Entire Industries Are Being Blacklisted By Insurers Over #MeToo Liability

#MeToo is getting expensive for the insurance companies who issue policies to errant companies. I wrote about it today in this piece for The Intercept.

My radio interview with Robin Morgan on my investigation of “FINRA’s Black Hole”

I was on Women’s Media Center Live with Robin Morgan today, talking about my investigation of 30 years of of sexual harassment complaints by women on Wall Street. You can listen to the interview here.

In 30 Years, Only 17 Women Won Sexual Harassment Claims Before Wall Street’s Oversight Boday

For victims of sexual harassment on Wall Street, the case of Kathleen Mary O’Brien was a bad omen.

In 1988, O’Brien, then a stockbroker at Dean Witter Reynolds, filed the earliest sexual harassment case we could find in a public database maintained by the Financial Industry Regulatory Authority, Wall Street’s self-governing organization, which is overseen by the Securities and Exchange Commission.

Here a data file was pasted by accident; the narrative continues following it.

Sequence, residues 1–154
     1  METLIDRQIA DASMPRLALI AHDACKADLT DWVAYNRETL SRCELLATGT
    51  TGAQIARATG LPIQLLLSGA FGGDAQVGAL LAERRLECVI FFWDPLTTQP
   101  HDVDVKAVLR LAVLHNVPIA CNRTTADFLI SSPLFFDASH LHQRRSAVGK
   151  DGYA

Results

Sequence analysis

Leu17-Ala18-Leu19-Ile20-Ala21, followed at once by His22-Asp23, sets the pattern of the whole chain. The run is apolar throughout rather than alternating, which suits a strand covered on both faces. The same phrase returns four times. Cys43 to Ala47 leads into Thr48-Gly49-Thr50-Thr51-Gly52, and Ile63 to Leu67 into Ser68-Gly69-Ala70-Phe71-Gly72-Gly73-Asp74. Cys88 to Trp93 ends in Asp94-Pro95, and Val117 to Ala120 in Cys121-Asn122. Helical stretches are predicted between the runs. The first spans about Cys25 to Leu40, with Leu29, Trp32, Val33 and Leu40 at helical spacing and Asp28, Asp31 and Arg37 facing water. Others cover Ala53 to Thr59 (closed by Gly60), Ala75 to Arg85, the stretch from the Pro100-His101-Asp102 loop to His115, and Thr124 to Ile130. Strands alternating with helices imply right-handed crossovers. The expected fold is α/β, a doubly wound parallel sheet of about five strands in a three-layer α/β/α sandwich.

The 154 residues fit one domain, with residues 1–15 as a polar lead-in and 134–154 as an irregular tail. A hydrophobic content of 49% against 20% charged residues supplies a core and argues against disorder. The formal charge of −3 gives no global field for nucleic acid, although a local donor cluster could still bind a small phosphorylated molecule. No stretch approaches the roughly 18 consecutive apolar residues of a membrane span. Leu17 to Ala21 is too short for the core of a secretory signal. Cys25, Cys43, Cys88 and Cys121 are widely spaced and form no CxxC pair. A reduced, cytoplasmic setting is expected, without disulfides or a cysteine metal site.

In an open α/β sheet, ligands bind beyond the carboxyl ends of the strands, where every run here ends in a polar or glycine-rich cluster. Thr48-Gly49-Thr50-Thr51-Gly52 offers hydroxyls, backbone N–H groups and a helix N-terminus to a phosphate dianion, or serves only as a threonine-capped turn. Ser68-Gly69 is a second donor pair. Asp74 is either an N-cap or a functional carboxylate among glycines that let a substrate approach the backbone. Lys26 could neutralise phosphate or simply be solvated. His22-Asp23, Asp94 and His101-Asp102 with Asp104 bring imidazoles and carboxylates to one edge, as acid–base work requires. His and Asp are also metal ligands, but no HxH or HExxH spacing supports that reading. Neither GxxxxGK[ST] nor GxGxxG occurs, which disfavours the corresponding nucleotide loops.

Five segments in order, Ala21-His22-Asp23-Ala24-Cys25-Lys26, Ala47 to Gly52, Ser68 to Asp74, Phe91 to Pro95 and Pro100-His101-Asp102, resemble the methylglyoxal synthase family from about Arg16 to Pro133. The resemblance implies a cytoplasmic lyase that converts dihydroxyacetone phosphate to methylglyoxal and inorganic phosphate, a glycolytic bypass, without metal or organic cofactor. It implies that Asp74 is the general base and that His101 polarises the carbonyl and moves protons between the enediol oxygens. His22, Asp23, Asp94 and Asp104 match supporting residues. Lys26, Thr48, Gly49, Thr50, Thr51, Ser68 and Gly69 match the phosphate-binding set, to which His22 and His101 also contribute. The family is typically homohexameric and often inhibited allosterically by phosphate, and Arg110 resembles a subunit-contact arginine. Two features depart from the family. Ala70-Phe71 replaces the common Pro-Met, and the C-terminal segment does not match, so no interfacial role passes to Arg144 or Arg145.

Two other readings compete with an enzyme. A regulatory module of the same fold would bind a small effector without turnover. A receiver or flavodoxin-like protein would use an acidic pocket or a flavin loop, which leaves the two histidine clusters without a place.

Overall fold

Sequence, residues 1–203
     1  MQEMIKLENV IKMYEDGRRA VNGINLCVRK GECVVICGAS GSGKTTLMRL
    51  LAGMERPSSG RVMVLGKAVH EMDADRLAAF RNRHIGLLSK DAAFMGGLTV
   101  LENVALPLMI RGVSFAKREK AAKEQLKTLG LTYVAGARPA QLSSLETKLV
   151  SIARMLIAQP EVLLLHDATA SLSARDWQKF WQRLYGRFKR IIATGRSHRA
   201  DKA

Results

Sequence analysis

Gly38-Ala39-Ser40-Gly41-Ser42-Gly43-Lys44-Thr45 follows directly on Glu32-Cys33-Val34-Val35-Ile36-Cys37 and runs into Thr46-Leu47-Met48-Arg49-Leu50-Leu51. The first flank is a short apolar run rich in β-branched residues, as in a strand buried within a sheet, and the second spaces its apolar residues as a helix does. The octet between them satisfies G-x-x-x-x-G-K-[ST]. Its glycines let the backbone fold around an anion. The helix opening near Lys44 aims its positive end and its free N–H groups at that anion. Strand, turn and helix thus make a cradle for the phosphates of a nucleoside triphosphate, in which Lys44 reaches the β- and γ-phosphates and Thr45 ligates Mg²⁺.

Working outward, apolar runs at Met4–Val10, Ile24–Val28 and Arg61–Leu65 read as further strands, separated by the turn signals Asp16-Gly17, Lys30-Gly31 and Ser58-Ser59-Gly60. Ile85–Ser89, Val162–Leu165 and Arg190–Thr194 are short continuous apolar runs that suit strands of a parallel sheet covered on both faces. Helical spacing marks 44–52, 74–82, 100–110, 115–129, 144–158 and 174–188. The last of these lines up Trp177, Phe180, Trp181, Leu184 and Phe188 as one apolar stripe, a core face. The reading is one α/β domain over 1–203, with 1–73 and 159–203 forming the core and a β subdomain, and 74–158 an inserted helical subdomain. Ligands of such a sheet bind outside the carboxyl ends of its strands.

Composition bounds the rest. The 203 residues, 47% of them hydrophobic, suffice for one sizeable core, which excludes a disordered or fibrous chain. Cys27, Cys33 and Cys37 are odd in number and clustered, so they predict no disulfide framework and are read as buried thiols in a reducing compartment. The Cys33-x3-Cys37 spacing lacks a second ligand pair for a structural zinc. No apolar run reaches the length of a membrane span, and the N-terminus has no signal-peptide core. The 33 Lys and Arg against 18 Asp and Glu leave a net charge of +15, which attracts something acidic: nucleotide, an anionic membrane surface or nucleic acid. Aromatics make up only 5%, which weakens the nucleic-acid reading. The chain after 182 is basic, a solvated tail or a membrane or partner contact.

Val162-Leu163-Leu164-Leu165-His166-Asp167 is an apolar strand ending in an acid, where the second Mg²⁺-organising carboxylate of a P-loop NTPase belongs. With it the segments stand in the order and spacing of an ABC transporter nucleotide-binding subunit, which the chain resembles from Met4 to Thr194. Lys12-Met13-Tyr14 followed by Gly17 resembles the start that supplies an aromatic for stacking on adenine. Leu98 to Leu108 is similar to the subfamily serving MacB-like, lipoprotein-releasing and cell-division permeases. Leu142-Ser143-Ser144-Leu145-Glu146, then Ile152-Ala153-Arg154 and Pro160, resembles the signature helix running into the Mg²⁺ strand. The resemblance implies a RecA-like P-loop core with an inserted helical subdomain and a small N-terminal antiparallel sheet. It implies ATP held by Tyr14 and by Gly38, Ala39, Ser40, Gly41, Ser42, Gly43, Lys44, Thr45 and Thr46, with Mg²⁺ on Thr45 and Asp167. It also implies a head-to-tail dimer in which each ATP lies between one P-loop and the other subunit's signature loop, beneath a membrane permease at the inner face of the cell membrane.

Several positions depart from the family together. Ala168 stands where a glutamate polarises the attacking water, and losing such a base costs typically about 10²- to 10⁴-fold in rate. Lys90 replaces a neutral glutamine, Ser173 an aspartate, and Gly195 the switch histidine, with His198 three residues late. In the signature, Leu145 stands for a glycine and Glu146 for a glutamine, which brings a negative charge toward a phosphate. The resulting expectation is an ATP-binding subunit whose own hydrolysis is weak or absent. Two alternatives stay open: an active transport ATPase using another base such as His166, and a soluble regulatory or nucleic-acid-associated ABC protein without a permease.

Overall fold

The year before, O’Brien had sued Dean Witter in Los Angeles Superior Court, but the brokerage firm successfully argued that she was legally bound to use Wall Street’s closed-door arbitration forum, then run by a FINRA predecessor, the National Association of Securities Dealers. The arbitrators’ decision in her case would turn out to be a common one in harassment cases over the following years: The claim was dismissed. The panel, offering no explanation as to how it came to the decision, charged her $3,000 in arbitration fees.

O’Brien’s case is one of 98 sexual harassment or hostile work environment claims and counterclaims made by women that The Intercept and the Investigative Fund found in the FINRA database over the past 30 years. You can read the full story here.

How Wall Street Silences Women

Among the business sectors largely absent from the current deluge of sexual harassment revelations is the financial services industry, a behemoth that employs 3.2 million people in the United States and is infamous for abuse and discrimination targeting women. In my story for The Intercept, I talk about women’s fate in finance and the reasons that most stay quiet. You can read it here.

What Hollywood Could Learn from Wall Street’s Sexual-Harassment Reckoning

 

I spoke with The New Yorker about Wall Street, Hollywood, and the cycles of public interest in sexual harassment cases.

What Hollywood Could Learn from Wall Street’s Sexual-Harassment Reckoning

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For those wondering how the current wave of accusations might translate into lasting change and improvements for professional women, Wall Street’s history is instructive.